Historian Matthew Wright, writing in the Dom Post today, reminds us that it’s 30 years since the Springbok tour.
I agree with Wright’s premise that the protests against the tour were about much more than apartheid and rugby. They were an eruption of frustration and resentment against years of suffocatingly authoritarian, conservative government. The Springbok tour and the polarising figure of Robert Muldoon provided a convenient touch-paper.
However I question Wright’s conclusion that anti-tour protests had little impact on the white South African government or apartheid. He writes that “the white minority government wasn’t listening to international pressure”, but in fact the evidence suggests the republic’s burning desire to play rugby against New Zealand was a critical factor in bringing about political reform. Chris Laidlaw, who was New Zealand’s first diplomatic representative in black Africa, told me in 1994: “Rugby played a far bigger part in the transition to democracy [in South Africa] than most people realise.”
The African National Congress recognised that white South Africa’s rugby fervour was a pressure point that could be exploited to the ANC’s advantage. Laidlaw hosted secret meetings in Harare between ANC officials and South African rugby bosses Louis Luyt and Danie Craven, at which the message was clear: no more international rugby until apartheid was abolished.
“Once he [Luyt] got that into his head there was no stopping him,” Laidlaw told me. “He went straight to the South African government and said: ‘Things are going to have to change.’” So Wright may be slightly off the mark when he writes that New Zealanders bashing each other in Molesworth St weren’t going to change anything.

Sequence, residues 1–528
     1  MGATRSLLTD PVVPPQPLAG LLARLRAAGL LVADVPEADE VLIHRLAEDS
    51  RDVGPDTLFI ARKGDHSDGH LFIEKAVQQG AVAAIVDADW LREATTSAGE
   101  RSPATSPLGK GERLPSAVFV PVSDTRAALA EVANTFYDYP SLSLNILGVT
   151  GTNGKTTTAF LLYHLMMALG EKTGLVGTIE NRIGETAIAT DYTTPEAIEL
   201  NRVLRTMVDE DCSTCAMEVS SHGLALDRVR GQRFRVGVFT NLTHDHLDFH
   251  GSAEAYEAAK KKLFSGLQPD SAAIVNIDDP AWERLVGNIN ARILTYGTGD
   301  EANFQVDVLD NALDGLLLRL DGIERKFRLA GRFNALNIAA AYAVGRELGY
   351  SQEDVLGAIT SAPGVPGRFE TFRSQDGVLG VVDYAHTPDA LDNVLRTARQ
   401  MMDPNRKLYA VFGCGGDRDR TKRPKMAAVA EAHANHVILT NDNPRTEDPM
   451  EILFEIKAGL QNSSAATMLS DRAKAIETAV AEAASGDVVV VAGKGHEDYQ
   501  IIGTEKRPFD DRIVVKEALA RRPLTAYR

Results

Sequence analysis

And it’s unfortunate that his piece is marred by a couple of minor factual errors. I observed the so-called Battle of Molesworth Street at close range and I don’t recall the police Red Squad being there, as Wright says. The Red Squad’s job was to protect the Springboks and match venues. What’s more, they weren’t commanded by Ross Meurant, as Wright implies, although that was a common misconception that Meurant may have been happy to go along with. The Red Squad was actually led by Phil Keber.
Oh, and I don’t recall seeing any PR-24 police batons (the so-called Minto bars that Wright refers to) at Molesworth St either. The batons used that night, as is clear from Evening Post photographer Ian Mackley’s black-and-white picture accompanying Wright’s piece, were standard, old-fashioned truncheons.
Footnote: As Wright remarks, the bloody clash between police and protesters in Molesworth St coincided with the marriage of Prince Charles and Princess Diana. This presented The Dominion with a dilemma: which story should take precedence? In the end, the Dom went with the royal wedding on the top half of the front page and the Battle of Molesworth Street below the fold.